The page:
It would seem that this “discussion” is/has becoming more of an impeachment of ideology held by a singular member of the group, and I fail to see how that could result in any sort of positive outcome….

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          • @Crazy1946. You might be a deer, but there are no wolves here. Sorry that you feel that way. No matter what David did, it did not create a climate for the cops to beat him senseless then let a dog maul him at will.

            You agree with that, but still hold David responsible for provoking the incident.

            When I brought up Rodney King, it’s because I heard arguments like the one you present regarding David — Rodney was under the influence; he provoked the situation by not laying down playing dead; the cops were wrong but so was Rodney, etc.

            In situations involving law enforcement, that are not life or death situations, no victim should ever be blamed for causing their own victimization. Law enforcement has the training, authority, and the tools to restrain people. Citizens should have respectful fear for those tools and skills, rather than being fearful that those tools and skills will be abused.

            Authority should never be abused because effectively, it is authority and carries weight without being abusive.

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            • Xena, It would seem that either I am unable to communicate my points in a manner that is understandable or that my words are being twisted and distorted to say things that are not meant, I am betting on the first being the case. I will ask you a few questions that after you answer them, perhaps we may both better understand the others position. Please attempt to base your answers simply on factual (or as close as we can get to factual evidence due to the limited information we have) evidence with out allowing emotion to control our answer.
              I will first post the New Jersey law that would seem to apply to David’s conduct “prior” to the actions of the Police Officers. Please understand that while David has not been convicted of this crime, an objective individual might conclude that there is a strong possibility that he was in violation of this law.

              “New Jersey Disorderly Conduct Law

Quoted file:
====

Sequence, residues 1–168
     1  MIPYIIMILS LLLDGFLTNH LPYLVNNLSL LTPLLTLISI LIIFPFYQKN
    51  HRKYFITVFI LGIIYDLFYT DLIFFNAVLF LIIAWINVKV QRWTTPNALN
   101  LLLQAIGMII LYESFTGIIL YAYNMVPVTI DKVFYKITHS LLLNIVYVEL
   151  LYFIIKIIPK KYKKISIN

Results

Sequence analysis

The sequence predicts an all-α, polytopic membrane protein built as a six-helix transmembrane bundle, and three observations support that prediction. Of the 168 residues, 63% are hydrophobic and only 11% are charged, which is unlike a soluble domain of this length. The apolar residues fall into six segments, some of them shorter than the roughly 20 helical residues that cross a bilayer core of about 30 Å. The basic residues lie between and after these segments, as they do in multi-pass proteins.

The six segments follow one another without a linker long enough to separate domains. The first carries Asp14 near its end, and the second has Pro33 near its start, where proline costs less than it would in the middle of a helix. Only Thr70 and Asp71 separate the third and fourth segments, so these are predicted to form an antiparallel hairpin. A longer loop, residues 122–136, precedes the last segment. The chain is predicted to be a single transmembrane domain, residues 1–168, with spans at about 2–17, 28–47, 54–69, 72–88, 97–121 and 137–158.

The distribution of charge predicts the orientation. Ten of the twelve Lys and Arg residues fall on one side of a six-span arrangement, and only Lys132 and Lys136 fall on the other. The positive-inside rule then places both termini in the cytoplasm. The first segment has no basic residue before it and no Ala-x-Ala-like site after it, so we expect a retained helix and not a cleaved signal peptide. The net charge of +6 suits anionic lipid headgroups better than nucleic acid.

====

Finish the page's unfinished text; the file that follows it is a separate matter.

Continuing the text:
N.J.S.A. 2C:33-2
              Disorderly conduct is a criminal charge in New Jersey governed by N.J.S.A. 2C:33-2, which provides in pertinent part:
              a. Improper behavior. A person is guilty of a petty disorderly persons offense, if with purpose to cause public inconvenience, annoyance or alarm, or recklessly create a risk thereof he or she:
              (1) Engages in fighting or threatening, or in violent or tumultuous behavior; or
              (2) Creates a hazardous or physically dangerous condition by any act which serves no legitimate purpose of the actor.
              b. Offensive language. A person is guilty of a petty disorderly persons offense if, in a public place, and with purpose to offend the sensibilities of a hearer or in reckless disregard of the probability of doing so, he addresses unreasonably loud and offensively coarse or abusive language, given the circumstances of the person present and the setting of the utterance, to any person present.”

              Now, after reading that law go back and watch the video again, this time stop the video at 3:09 and consider what was taking place up until this point.
              Now my questions….
              1> Does David appear to be intoxicated?
              2> Have the police officers shown any indication they wanted to attack David?
              3> Does it appear that David is in violation of the New Jersey law that I provided above?
              4> Does the use of any intoxication substance by “choice” allow an individual to violate the laws of the community?
              5> Does it appear that David is being forced to act in the manner that he is by someone outside of the field of view?
              6> Who is responsible for David’s actions up to this point?